NSW Housing Minister David Borger strongly encourages buyers to get into debt

Despite GDP figures released last week showing Australia is in recession and with unemployment rising, NSW Housing Minister David Borger, says it’s never a better time to load up with debt. “I strongly encourage anyone thinking about buying a new home to do so now – with lowering interest rates, a flat market and help from the state and federal Labor governments, Sydney is definitely a buyers’ market.”

Today’s comments come after the release of a NSW Government report on quarterly sales and rents showing that rents are rising while house prices are falling.

Mr Borger said “Our figures show that the sales price of homes in Sydney during 2008 dropped 8.1 per cent for homes and 5.6 per cent for units.”. With the medium house price in Sydney peaking around $575,000, a 8.1% fall or a “flat market” in his words, corresponds with approximately a $45,000 fall in value. As Australia enters a recession, there is no guarantee these falls will slow or reverse in the short term (3 to 5 years) meaning new home owners entering the market on Mr Borger’s advice could be losing $45,000 a year or $865 per week while having to make mortgage repayments. That’s a lot of money that could be used to pay rent.

Only on Wednesday this week, Mr Borger was telling News Limited that the number of homeless families in NSW had increased 51 per cent and that staff were finding shelter for an extra 643 people a month. “We are seeing people who are economic victims who have lost jobs and can no longer pay bills. They have racked up their credit cards,” he said. “There is a new category of economic refugee.”

Lets just hope Mr Borger’s comments today strongly encouraging new buyers into the housing market doesn’t end with a new set of economic refugee’s as job losses and negative equity starts to settle in.

» Cheaper to buy than rent – The Sydney Morning Herald, 8th March 2009.
» Families lose their jobs and homes – News Limited, 4th March 2009.


  1. Buying a home is a big call and no matter when you do it, it will be fraught with some degree of fear and trepidation – “Is this the right place, is this the right time, what if I lose my job?” These are all good questions and will be relevant for first home buyers regardless of the state of the economy. But consider this: $400/week will rent you a very nice house in Western Sydney. If you lose your job and can’t afford the rent you’ll no doubt leave and find somewhere cheaper or live with family – nothing lost, just another economic refugee!

    But right now you can buy a brand new house in Western Sydney for $400,000. That same house would have set you back $500,000 18 months ago. At the moment, the state and federal governments will put $24,000 towards your purchase. Let’s assume you have $25,000 of your own money as a deposit and your mortgage is $350,000. Right now you can get a loan (from Aussiemac) at 3.99% – the result is your weekly repayments are $268/week (interest only). That’s a saving of $132/week. If you keep paying your same rent at $400/week towards your mortgage it’s no longer dead money paying off your landlord’s mortgage – you are paying off your own home.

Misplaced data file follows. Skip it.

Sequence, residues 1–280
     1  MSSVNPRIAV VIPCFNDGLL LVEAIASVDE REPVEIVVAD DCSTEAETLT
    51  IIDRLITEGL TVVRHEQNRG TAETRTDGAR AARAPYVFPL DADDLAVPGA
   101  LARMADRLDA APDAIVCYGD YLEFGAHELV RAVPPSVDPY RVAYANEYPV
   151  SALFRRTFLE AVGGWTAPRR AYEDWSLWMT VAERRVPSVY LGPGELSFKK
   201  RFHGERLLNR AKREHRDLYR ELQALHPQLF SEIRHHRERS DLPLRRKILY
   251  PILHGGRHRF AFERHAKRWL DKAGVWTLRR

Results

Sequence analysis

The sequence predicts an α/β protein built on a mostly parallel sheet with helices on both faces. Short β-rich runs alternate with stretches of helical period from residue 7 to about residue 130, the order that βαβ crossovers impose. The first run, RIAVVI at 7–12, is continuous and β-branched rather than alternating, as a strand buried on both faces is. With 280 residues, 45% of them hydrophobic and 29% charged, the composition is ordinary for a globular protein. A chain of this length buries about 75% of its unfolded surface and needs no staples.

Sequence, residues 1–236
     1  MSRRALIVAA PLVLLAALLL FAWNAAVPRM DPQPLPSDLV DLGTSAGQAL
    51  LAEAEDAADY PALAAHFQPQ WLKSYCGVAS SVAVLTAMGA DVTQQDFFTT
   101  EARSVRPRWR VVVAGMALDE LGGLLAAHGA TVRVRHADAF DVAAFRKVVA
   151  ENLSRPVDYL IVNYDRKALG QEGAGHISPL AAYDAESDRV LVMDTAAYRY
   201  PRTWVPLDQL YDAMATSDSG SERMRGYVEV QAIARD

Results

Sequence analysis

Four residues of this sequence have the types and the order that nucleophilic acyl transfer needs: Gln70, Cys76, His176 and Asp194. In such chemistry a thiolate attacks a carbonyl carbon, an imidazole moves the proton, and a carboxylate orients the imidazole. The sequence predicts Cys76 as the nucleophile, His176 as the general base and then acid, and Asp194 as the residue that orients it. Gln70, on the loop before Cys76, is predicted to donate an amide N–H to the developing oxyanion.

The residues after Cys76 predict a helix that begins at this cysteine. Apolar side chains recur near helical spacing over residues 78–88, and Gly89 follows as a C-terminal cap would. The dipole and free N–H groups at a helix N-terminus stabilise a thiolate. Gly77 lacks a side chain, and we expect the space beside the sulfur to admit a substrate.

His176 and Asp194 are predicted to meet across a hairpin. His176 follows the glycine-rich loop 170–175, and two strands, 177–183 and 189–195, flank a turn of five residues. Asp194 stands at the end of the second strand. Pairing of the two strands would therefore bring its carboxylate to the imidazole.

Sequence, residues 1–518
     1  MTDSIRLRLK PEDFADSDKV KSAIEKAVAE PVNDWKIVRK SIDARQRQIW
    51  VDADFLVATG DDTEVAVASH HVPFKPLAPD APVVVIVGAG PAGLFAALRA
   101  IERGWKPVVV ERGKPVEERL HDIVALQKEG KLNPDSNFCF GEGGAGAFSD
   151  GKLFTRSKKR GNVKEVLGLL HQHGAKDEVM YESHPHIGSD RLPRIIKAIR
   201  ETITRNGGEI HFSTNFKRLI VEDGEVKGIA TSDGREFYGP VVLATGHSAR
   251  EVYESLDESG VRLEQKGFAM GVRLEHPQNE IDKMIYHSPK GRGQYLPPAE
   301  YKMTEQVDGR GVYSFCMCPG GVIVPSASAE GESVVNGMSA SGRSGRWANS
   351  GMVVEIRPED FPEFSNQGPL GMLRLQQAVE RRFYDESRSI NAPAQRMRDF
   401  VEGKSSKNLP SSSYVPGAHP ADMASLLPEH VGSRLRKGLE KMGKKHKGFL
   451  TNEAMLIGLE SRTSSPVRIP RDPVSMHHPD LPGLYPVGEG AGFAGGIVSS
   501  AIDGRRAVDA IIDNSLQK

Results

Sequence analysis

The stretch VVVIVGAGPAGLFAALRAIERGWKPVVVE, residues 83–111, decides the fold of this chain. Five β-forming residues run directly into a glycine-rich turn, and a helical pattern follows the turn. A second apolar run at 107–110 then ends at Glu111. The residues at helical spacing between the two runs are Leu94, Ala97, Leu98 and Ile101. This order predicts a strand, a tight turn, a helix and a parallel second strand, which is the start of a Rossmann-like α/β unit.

If you lose your job in these precarious economic times – you can still move out and move in with relatives and get a tenant in at $400/week to pay your house off for you! Either way, you’re better off in scenario 2.

    I agree with Mr Borger – there’s never been a better time – those people who listen to their fear and stay renting, waiting for the evasive “bottom” of the property market will be the same people who are crying foul in 3 years time that housing is unaffordable! There’s no time like the present.


  2. The housing minister would like to see more transactions so that his government collects more stamp duty. It is his job to achieve this.
    Due to this obvious bias it is not appropriate that he should be advising potential home buyers. For many, buying now would be a reckless decision.

  3. “Right now you can get a loan (from Aussiemac) at 3.99% – the result is your weekly repayments are $268/week (interest only). That

  4. Personally, governments should stay out of giving financial advice. Just as Obama recently mentioned “buying stocks now is a good deal”, housing ministers shouldn’t even be advising their constituents on what to do. Apparently it’s ALWAYS a great time to buy if you’re a real estate agent or in politics. Unfortunately, both have vested interests in propping up the housing market.

  5. Are you experiencing mortgage difficulties?
    We want to hear your story!
    The Urban Research Centre, UWS is recruiting participants for a study about mortgage distress from the perspective of the borrower.
    We invite you to complete our online survey at: http://www.uws.edu.au/mortgagesurvey

    You can also email us if you are interested in participating of a face to face interview (your time will be compensated with a grocery voucher valued at $50)
    Email: mortgage@uws.edu.au
    Phone number: 02 8833 5901

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